The Winklevosses argue that Shrem used the Bitcoin he acquired with their money to furnish a lavish lifestyle after having served a year in prison for helping users of the now-defunct Silk Road marketplace make illegal purchases.
The New York Times quotes the lawsuit as claiming “Either Shrem has been incredibly lucky and successful since leaving prison, or more likely he ‘acquired’ his six properties, two Maseratis, two powerboats and other holdings with the appreciated value of the 5,000 Bitcoin he stole.”
Judge Jed Rakoff has ruled to end the freeze on Charlie Shrem’s assets in a lawsuit brought against him by the Winklevoss brothers.
In a case unsealed in the U.S. District Court for the Southern District of New York earlier this month, the Winklevoss twins allege that Shrem took part of their $250,000 investment in his exchange BitInstant to buy 5,000 bitcoins (BTC).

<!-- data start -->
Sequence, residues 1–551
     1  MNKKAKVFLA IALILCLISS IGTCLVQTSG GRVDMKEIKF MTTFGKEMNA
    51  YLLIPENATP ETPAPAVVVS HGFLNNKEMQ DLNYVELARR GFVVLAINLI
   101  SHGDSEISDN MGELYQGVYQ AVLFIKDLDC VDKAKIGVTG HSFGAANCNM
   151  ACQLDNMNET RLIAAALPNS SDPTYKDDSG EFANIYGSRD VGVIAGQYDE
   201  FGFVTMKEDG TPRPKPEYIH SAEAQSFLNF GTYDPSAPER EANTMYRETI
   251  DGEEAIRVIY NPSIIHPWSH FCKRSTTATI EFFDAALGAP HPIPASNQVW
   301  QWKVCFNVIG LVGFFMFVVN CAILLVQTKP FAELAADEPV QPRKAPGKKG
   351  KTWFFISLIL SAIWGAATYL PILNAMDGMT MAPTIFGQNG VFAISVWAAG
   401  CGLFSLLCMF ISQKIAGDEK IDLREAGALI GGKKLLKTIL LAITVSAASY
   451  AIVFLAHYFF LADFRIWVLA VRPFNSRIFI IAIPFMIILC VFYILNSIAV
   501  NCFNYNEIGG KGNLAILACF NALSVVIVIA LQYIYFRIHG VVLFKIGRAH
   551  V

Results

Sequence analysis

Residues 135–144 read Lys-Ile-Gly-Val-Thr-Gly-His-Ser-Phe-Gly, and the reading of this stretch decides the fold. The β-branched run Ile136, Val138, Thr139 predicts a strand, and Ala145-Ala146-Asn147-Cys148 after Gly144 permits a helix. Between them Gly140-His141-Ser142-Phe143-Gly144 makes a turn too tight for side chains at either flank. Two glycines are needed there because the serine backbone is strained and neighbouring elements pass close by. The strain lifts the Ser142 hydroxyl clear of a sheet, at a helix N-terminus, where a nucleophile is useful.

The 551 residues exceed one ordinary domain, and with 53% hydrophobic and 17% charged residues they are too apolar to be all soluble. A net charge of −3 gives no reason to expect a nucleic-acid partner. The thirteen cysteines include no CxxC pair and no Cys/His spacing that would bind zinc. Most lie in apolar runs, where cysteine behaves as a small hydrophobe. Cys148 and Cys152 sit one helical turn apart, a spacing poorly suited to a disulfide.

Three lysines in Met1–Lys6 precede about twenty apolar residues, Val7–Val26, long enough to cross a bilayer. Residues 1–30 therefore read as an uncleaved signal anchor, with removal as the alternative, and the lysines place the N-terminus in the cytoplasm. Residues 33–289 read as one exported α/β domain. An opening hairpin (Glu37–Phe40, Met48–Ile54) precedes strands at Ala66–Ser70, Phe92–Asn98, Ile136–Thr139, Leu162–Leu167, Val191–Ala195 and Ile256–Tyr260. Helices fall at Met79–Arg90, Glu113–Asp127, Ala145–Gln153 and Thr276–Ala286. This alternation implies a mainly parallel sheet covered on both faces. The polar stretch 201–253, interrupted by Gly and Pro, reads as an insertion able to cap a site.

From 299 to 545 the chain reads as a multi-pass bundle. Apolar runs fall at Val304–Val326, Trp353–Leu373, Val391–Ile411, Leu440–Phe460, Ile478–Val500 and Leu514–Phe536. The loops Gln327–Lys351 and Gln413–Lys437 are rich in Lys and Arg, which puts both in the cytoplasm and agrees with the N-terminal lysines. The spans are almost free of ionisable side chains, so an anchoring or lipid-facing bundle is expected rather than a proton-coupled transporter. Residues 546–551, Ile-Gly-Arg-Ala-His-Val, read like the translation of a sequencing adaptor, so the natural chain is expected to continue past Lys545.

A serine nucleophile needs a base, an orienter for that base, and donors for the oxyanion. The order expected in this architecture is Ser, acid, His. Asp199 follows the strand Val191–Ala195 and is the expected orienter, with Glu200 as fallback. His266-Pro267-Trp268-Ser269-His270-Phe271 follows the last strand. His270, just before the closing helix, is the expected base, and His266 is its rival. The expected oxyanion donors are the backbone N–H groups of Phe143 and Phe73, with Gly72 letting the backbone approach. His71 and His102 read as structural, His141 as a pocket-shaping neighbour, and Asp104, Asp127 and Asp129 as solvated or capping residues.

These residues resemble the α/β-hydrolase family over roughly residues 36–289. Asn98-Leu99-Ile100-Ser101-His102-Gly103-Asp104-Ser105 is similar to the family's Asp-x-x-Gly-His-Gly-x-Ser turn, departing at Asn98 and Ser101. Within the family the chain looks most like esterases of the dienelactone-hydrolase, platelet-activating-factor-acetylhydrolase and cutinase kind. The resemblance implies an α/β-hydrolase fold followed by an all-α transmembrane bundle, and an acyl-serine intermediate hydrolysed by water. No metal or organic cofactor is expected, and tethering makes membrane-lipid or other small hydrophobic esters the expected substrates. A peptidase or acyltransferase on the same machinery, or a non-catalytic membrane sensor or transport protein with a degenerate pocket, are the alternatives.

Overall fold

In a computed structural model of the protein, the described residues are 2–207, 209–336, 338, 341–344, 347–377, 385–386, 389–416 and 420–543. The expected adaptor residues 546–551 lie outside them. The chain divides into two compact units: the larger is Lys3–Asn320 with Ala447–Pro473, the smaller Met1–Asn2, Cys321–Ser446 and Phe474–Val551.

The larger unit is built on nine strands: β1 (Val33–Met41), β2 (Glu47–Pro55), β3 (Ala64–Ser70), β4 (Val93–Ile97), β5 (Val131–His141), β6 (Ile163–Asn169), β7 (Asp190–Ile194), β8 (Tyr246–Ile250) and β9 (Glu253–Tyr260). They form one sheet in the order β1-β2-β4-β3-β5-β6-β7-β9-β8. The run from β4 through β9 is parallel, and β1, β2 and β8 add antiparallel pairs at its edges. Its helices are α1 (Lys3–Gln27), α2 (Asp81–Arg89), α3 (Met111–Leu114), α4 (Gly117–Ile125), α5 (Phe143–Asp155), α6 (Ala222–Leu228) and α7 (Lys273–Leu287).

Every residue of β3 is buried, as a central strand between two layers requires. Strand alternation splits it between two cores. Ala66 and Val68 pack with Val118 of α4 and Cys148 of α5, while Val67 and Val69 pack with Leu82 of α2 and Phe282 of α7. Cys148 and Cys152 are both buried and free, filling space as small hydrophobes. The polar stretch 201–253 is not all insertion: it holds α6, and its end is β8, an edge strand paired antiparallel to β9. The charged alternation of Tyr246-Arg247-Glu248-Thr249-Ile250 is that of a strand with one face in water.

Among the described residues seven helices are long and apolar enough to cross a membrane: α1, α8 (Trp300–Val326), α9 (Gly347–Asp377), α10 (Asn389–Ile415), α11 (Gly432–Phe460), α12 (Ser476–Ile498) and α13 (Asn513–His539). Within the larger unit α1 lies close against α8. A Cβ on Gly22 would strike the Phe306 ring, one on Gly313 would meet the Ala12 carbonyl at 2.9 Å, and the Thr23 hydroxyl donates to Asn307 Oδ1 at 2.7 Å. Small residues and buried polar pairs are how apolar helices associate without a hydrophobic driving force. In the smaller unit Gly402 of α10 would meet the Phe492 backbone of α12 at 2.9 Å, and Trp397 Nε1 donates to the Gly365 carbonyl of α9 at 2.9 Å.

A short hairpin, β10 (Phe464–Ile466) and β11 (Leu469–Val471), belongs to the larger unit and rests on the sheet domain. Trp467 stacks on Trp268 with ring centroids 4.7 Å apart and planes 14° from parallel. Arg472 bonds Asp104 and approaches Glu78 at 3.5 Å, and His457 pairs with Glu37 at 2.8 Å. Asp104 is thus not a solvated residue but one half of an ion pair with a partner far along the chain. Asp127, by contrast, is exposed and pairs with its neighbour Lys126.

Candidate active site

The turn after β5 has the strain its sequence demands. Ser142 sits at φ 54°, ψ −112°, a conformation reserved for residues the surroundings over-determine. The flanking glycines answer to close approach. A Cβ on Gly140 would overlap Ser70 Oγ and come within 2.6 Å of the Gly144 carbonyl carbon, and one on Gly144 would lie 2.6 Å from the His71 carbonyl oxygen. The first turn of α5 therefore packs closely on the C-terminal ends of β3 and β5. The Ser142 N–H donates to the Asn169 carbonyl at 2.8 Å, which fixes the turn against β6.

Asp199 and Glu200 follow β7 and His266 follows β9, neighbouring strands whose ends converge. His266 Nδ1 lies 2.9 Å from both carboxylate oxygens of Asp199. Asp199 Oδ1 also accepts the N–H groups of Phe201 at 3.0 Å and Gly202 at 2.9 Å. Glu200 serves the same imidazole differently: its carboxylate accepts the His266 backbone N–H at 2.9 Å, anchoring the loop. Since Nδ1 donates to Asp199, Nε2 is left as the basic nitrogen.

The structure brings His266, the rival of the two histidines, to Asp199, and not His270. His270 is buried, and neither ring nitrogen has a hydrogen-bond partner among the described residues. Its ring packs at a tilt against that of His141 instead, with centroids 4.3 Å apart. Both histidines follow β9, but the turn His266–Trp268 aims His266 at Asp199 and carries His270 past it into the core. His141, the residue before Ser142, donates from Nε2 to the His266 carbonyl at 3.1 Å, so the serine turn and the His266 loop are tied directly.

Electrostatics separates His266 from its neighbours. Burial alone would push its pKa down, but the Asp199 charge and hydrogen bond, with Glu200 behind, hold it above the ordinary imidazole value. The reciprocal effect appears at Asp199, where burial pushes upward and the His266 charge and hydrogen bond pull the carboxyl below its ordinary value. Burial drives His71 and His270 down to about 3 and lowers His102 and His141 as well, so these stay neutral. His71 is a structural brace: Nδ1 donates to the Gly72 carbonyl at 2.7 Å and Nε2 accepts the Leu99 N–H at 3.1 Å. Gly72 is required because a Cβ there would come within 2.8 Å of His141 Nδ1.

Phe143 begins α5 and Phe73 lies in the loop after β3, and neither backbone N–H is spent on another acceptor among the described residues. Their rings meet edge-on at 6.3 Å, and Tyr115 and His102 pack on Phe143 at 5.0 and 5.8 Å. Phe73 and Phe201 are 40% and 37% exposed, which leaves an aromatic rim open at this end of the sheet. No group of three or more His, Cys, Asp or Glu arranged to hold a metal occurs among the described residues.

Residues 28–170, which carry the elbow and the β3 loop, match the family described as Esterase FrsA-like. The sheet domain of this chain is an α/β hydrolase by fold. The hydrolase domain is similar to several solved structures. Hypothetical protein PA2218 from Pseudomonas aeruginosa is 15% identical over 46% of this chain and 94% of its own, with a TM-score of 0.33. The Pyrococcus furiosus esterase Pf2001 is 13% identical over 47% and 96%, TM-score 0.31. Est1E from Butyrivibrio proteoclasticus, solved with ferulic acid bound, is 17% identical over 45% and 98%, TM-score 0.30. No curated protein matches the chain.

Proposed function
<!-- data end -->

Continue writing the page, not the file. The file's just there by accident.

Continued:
The Winklevoss’ lawyer Tyler Meade argued that the freeze on Shrem’s assets should continue, claiming that he possessed $12 million dollars in cryptocurrencies, real estate holdings, and other assets.
While Meade reportedly said that the brothers’ lawyers have sought information on Shrem’s holdings from over 30 institutions, they have only identified a paltry $10 in assets at this time. Per the report, the parties agreed that Shrem could spend up to $50,000 on monthly expenses.
Shrem’s lawyer, Brian Klein, said that the allegations that Shrem used ill-gotten Bitcoin to purchase cars and houses had “no basis in fact or law.”